Arsenault reflects on her serene hometown and the cloaked environmental corruption plaguing it. The author, a National Books Critics Circle board member and book review editor at Orion, grew up in Mexico, Maine, a small town fortified by the Androscoggin River. She writes poignantly of growing up in a large nuclear family surrounded by the town’s dense forestlands. Her father and grandfather worked at the local paper mill, an entity that economically grounded the town and employed a large percentage of its residents, many of whom remained blind to the ever changing world around them.
The former U.S. poet laureate shares a personal memoir about the brutal murder of her mother at the hands of her former stepfather, and how this profound experience of loss shaped her as an adult and an artist.
Here is a stunning, simplebook that will educate readers about how fossil fuels are really buried sunlight -- energy caught from the sun by plants that were later trapped deep underground for millions of years. Now that this plant matter has been transformed into fuel, humans have been digging it up, changing the fragile dynamic that fulfills the global needs of all living things.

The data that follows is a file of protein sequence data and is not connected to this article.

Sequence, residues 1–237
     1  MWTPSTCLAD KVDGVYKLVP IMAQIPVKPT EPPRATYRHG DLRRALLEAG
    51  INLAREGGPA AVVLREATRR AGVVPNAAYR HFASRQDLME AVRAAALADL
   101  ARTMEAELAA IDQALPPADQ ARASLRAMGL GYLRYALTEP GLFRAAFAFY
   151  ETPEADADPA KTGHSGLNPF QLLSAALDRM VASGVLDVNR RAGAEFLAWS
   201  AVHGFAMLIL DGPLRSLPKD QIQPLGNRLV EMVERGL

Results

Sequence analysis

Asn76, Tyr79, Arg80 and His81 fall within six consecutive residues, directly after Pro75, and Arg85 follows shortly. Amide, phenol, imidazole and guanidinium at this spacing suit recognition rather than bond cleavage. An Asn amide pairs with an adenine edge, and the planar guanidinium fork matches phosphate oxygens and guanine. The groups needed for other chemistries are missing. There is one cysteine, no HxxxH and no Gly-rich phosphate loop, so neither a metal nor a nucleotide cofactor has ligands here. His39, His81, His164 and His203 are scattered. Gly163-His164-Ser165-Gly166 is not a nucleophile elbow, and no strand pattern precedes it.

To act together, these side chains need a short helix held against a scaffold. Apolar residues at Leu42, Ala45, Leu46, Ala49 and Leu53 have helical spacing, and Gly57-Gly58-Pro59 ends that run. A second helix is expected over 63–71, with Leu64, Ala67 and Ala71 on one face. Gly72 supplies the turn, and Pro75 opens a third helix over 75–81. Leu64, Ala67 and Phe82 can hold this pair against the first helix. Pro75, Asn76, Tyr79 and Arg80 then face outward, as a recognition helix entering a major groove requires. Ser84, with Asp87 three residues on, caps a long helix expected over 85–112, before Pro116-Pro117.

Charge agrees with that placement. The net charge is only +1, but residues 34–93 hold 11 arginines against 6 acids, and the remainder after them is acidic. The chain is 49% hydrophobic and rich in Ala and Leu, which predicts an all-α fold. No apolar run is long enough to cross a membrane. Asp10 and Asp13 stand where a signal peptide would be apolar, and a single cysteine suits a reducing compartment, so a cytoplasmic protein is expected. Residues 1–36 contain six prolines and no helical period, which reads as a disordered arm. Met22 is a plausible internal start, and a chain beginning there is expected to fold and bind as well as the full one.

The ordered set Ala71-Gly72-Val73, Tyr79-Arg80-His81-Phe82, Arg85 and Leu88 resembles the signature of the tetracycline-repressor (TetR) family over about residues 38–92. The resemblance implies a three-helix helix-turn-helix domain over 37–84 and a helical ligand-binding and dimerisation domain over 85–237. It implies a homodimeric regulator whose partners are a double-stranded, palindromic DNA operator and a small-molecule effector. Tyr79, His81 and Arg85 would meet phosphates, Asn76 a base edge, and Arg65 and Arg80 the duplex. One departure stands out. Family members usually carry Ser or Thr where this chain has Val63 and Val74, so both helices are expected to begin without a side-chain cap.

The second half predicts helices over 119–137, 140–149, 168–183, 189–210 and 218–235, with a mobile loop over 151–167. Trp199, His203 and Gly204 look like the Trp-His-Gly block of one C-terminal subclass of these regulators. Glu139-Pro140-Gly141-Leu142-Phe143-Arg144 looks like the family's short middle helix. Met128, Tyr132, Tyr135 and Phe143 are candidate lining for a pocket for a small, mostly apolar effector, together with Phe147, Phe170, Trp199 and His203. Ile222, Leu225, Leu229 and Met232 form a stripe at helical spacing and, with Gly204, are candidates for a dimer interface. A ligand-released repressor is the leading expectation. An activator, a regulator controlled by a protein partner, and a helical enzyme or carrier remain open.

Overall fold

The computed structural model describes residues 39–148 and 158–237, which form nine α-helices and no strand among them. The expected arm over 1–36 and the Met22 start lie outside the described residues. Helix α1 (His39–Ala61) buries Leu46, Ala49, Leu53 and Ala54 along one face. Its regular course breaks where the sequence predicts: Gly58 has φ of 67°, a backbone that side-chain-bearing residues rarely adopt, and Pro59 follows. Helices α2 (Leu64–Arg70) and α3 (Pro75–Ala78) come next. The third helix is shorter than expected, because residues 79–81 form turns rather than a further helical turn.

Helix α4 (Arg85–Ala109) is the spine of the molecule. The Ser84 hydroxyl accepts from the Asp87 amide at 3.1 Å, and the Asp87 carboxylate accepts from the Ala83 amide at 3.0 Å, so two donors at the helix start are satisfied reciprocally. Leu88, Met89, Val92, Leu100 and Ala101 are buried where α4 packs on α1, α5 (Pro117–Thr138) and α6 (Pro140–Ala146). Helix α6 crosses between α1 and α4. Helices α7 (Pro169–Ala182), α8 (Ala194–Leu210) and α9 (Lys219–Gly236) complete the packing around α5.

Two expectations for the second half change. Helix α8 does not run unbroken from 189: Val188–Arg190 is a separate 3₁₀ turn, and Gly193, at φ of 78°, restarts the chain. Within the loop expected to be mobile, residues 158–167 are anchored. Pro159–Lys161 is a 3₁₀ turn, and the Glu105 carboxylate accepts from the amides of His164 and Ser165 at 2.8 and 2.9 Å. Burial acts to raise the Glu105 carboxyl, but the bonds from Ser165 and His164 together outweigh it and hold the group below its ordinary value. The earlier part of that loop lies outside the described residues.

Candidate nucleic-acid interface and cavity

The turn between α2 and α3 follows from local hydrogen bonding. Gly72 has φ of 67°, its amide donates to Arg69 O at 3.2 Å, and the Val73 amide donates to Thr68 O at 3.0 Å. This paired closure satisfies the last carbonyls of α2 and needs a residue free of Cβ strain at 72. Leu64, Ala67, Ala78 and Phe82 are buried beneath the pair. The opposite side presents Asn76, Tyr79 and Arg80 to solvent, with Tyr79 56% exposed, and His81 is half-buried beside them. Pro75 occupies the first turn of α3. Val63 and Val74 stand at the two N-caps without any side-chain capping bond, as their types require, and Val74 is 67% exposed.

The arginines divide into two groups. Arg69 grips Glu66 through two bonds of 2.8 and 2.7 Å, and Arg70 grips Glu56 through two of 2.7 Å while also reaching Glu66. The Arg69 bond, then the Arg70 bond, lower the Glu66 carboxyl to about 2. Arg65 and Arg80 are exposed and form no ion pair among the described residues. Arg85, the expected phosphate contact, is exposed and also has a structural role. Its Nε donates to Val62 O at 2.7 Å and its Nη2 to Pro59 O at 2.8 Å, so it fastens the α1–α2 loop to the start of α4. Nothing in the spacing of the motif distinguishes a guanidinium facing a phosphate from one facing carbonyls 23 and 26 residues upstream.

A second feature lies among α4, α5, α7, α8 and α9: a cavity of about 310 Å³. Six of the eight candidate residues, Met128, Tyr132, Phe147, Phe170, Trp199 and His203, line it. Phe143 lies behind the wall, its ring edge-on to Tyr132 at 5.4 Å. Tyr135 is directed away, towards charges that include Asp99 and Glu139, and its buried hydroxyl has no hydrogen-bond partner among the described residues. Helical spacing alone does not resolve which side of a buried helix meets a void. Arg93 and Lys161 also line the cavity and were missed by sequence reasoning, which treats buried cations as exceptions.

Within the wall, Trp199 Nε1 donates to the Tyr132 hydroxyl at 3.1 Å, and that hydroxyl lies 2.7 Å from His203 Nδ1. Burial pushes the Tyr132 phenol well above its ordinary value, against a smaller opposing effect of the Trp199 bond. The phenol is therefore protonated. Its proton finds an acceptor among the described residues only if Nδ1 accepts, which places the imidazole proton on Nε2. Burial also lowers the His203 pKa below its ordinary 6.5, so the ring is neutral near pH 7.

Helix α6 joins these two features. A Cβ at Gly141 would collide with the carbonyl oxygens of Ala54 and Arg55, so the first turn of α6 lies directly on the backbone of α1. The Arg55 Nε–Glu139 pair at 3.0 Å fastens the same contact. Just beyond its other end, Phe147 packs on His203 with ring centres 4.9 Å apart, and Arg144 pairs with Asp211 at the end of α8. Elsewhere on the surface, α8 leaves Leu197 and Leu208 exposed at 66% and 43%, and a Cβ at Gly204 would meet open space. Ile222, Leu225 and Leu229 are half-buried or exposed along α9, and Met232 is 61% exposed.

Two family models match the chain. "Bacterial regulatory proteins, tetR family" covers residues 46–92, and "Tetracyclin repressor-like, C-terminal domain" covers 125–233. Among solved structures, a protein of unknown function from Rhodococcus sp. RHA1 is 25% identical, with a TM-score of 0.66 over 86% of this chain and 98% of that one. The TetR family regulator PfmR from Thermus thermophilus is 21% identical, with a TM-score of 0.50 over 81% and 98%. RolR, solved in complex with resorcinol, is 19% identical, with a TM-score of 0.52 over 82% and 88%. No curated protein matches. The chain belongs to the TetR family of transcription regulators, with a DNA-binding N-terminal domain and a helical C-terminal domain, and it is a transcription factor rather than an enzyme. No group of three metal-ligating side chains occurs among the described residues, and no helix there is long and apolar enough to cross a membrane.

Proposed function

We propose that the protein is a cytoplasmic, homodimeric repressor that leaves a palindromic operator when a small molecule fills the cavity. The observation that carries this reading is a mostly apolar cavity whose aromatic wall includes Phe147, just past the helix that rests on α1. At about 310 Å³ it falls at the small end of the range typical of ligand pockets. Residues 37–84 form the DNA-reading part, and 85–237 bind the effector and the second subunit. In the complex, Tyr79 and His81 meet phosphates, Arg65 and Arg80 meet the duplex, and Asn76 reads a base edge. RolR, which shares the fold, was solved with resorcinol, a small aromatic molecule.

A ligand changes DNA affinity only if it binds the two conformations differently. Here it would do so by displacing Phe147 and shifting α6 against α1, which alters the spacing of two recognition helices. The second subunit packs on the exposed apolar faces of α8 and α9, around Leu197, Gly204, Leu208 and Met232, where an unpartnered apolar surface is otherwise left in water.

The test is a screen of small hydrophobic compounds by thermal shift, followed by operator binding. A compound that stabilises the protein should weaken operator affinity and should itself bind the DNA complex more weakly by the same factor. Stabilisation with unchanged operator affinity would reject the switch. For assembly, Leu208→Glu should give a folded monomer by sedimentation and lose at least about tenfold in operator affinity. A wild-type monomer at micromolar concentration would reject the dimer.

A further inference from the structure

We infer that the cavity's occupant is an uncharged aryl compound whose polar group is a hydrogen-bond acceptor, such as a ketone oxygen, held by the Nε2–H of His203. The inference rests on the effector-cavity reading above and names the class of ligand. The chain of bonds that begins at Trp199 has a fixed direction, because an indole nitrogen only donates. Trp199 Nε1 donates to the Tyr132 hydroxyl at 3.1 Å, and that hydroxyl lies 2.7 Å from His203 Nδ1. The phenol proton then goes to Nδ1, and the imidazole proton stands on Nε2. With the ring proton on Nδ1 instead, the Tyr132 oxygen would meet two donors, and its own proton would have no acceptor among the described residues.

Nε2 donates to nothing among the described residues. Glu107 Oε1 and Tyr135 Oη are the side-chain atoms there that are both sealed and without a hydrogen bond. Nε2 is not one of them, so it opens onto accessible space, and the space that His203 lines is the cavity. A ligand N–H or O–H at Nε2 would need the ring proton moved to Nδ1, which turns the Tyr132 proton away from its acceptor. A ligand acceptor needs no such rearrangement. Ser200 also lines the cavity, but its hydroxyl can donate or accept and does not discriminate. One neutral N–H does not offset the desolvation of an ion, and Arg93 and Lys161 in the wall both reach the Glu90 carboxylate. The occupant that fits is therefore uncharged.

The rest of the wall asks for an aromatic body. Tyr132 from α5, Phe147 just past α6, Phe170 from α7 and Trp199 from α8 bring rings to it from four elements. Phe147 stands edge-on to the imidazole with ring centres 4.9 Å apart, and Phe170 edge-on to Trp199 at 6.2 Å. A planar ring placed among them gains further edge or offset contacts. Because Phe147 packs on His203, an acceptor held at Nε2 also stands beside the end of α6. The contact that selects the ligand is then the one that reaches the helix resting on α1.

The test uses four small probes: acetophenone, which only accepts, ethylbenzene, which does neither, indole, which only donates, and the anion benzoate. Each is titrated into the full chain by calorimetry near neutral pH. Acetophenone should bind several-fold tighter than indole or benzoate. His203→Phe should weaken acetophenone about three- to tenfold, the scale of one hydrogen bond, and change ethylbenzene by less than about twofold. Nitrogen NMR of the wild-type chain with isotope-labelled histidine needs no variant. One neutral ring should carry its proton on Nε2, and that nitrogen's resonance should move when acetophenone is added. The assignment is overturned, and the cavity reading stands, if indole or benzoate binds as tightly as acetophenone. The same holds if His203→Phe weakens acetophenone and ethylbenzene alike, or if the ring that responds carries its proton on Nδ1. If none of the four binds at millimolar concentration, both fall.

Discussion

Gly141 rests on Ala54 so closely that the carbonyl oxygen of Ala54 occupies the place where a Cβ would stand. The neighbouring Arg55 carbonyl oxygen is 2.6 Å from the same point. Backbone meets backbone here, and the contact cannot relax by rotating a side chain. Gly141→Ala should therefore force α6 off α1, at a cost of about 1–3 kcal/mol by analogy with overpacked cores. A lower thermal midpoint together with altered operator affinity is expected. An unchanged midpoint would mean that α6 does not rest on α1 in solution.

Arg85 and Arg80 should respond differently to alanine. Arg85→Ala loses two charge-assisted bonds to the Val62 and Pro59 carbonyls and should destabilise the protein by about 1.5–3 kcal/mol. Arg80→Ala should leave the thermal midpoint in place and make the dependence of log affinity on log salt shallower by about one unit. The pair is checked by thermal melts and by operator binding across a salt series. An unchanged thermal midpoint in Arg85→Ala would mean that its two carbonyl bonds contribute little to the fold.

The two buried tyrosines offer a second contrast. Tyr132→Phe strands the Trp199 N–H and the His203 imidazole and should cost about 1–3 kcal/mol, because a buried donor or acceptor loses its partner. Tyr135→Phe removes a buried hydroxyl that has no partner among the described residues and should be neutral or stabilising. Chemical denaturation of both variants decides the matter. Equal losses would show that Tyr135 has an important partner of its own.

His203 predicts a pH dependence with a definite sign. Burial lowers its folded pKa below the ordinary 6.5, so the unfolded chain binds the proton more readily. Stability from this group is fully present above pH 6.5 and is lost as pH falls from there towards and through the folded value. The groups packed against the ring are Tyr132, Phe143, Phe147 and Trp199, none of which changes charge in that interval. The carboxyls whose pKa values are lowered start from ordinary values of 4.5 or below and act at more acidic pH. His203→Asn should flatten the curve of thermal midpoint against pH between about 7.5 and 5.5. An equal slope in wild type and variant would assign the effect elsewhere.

An introduction to evolution uses grandmothers to show the characteristics they passed down to their offspring.
Visit a whimsical workshop and follow along as we learn How To Build an Insect! Conversational text and playful illustrations introduce readers to insect body parts in this charming picture book.
The true story of how schoolchildren helped fund the construction of the pedestal for the Statue of Liberty in New York City.
Introduces young readers to some of the stealthiest camouflaged animals in the natural world and asks them to seek out these animals hiding in plain sight.
While following their mother through town, five little ducklings fall into a storm drain.
Offers general information about redwood trees such as height, how the bark protect them from fires, average age, and the types of plant and animal life that live in them.
This timely, engaging book examines whiteness through controversial Confederate symbols and statues that have become a focal point in the national discussion about systemic racism and white supremacy. Producer of the podcast White Lies, O’Neill focuses on several statues and a building named after Confederate general Nathan Bedford Forrest, who looms large in Confederate lore, being the only person to enlist as a private and work his way to general. But Forrest also made his money as a slave trader and was the first Grand Wizard of the Ku Klux Klan.